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Keep the faith and be patient unless you’re a genius market timer

Peter Switzer
28 September 2022

Anyone hoping the current stock market sell-off will end soon should be warned that this volatility with a downside inclination could be here for a couple of months. It could be more but I’m gambling we will see some better trends in October or November but this is my best ‘risky’ guess.

My best ‘sound’ guess is that in 12 months’ time you could be unhappy with yourself if you went too defensive now.

If you did that believing you could buy back into stocks once the scary stuff has gone, you could find that you would have made a mistake!

Timing the market is great if you’re good at it, but few people are and research work by Bank of America confirms this claim.

CNBC recently covered the BOA’s work and revealed that “looking at data going back to 1930, the firm found that if an investor sat out [or missed] the S&P 500′s 10 best days per decade, total returns would be significantly lower than the return for investors who waited it out.”

In fact, “if an investor missed the S&P 500′s 10 best days each decade, the total return would stand at 28%. If, on the other hand, the investor held steady through the ups and downs, the return would have been 17,715%.”

The table below shows what happens if you’re good or bad at guessing the best 10 or worst 10 days for the US stock market.

The AFR recently let Duncan Burns from Vanguard look at the topic and this is what he came up with:

  • The Australian share market has delivered an average return of about 10% over long periods of time.
  • That 10% return only measures what “buy and hold” investors would have earned by putting money in at the start of the period and keeping it fully invested through good times and bad.
  • Vanguard analysis of Australian investor behaviour between 2004 and 2013 – before and after the height of the global financial crisis – found that investors chasing returns were actually worse off than their “buy-and-hold” counterparts.
  • The average market-timing investor was at least 0.5% a year worse off before transaction costs were factored in, whereas a straightforward “buy-and-hold” approach would have improved an investor’s returns by at least 0.5% every year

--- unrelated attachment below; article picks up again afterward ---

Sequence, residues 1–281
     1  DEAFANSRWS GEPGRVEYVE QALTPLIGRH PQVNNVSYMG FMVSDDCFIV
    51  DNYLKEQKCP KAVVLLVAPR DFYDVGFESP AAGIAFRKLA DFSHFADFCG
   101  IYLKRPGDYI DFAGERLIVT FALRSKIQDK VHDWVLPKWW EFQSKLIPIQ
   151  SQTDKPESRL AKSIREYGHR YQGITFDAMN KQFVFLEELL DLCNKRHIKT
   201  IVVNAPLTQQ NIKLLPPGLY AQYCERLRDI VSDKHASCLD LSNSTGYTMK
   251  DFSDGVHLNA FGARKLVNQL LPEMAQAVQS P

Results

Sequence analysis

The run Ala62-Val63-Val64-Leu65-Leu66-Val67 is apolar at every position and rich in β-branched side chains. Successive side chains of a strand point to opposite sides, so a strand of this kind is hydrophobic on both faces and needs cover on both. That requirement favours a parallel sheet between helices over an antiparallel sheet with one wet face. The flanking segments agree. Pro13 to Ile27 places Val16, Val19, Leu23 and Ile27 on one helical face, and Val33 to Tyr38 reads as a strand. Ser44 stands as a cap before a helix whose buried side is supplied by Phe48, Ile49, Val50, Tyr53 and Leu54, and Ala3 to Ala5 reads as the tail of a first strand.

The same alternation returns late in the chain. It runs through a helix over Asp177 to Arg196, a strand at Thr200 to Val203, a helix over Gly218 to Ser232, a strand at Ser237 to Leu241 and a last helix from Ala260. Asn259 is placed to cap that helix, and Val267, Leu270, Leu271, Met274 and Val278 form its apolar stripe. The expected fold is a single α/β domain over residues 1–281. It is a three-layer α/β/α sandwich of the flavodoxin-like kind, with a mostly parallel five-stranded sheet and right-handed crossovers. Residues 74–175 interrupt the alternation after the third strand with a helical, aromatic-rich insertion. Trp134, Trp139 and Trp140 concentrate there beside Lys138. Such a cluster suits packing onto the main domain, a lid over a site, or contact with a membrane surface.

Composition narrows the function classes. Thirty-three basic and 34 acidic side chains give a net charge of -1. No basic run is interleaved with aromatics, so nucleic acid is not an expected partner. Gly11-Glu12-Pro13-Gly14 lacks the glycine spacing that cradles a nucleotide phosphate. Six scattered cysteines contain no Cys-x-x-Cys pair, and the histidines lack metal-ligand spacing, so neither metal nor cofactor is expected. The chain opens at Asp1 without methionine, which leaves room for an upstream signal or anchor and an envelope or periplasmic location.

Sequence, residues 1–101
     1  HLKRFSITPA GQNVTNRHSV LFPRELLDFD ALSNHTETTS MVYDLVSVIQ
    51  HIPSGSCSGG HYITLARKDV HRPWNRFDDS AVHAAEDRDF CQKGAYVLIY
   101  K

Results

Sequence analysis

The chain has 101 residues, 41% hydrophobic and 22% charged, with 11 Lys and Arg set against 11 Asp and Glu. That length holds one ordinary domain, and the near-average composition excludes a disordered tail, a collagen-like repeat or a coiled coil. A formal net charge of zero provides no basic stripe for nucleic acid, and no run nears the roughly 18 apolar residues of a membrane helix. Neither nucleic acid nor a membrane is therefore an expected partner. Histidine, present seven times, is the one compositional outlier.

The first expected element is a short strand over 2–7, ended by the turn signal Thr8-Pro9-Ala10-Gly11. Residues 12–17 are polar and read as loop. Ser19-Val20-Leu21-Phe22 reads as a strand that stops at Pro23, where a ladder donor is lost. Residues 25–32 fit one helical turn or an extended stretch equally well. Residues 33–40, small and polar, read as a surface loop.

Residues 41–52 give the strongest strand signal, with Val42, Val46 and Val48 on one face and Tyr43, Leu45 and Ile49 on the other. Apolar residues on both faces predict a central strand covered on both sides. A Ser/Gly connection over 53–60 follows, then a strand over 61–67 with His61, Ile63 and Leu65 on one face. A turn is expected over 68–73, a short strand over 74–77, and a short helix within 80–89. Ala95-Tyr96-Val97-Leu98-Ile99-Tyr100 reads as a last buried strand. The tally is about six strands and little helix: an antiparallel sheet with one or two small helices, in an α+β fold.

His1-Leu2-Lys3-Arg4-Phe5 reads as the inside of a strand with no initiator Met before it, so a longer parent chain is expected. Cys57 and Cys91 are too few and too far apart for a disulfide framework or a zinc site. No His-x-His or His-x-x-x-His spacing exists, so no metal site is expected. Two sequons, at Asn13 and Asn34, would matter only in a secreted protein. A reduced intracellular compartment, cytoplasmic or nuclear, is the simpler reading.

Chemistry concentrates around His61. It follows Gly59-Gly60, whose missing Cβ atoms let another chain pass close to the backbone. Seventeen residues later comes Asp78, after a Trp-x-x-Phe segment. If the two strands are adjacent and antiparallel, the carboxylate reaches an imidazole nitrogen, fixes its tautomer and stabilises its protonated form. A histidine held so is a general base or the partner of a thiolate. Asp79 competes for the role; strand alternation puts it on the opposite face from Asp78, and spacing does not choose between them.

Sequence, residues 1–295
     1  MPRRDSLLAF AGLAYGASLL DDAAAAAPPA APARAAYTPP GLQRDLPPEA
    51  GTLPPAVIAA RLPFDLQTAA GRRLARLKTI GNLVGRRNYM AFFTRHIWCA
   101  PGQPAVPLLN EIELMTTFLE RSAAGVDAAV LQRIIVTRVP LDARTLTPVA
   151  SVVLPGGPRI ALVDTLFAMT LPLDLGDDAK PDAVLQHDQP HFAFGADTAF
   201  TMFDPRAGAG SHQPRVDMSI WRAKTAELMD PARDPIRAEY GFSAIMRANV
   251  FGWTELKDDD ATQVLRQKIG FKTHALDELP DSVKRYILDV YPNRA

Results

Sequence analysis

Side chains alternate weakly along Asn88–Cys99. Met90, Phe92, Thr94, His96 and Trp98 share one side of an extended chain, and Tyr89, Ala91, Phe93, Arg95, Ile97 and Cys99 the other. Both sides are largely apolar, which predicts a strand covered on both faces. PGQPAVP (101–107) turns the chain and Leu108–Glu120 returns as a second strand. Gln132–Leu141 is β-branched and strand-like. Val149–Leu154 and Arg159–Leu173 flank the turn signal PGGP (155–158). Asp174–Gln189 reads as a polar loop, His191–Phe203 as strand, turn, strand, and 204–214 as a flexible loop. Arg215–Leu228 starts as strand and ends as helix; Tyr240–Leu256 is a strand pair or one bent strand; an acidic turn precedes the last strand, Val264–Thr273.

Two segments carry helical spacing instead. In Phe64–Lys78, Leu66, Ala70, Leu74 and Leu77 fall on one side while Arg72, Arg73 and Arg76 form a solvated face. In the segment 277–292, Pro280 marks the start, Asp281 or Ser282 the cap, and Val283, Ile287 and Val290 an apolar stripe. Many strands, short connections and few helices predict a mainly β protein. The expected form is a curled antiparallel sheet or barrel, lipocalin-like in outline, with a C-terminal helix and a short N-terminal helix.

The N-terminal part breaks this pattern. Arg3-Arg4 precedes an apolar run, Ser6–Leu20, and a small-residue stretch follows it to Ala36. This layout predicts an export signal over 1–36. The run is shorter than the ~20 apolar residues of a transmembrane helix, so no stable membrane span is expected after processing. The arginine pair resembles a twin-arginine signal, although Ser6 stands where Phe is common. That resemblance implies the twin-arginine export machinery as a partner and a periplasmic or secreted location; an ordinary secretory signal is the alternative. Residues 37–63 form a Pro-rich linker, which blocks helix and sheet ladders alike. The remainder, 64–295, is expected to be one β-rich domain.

Burns looked at why we try to guess the market and largely get it wrong.

“Psychologists have identified a human tendency for investors to think they have control over events, even when they have none,” he revealed. “When applied to investing, this perception can lead many to see imaginary patterns in stock price charts or spot trends when none exist. But as historical data shows, while the long-term trajectory of the sharemarket is upwards, shorter-term price changes are more random.”

At times like these, I like to show clients this chart of the All Ords between 1970 and 2009, one year after the market crashed 50% because of the GFC. This shows $10,000 invested in 1970 in a portfolio similar to the All Ords with dividends reinvested saw it roll over into $453,542.

Just look at the blue line for the Aussie stock market over that time and see those deep blue V-shaped movements which were crashes in 1974, 1987, the dotcom crash of 2000 and the GFC.

At those times people worried like you might be and those who sold out at the bottom missed out on the big rebounds that followed. Provided you are invested in a good portfolio, your capital return over time and grow like that blue line at a rough rate of 10% per annum over a decade. You just have to keep the faith and be patient if you don’t think you’re a genius market-timer.

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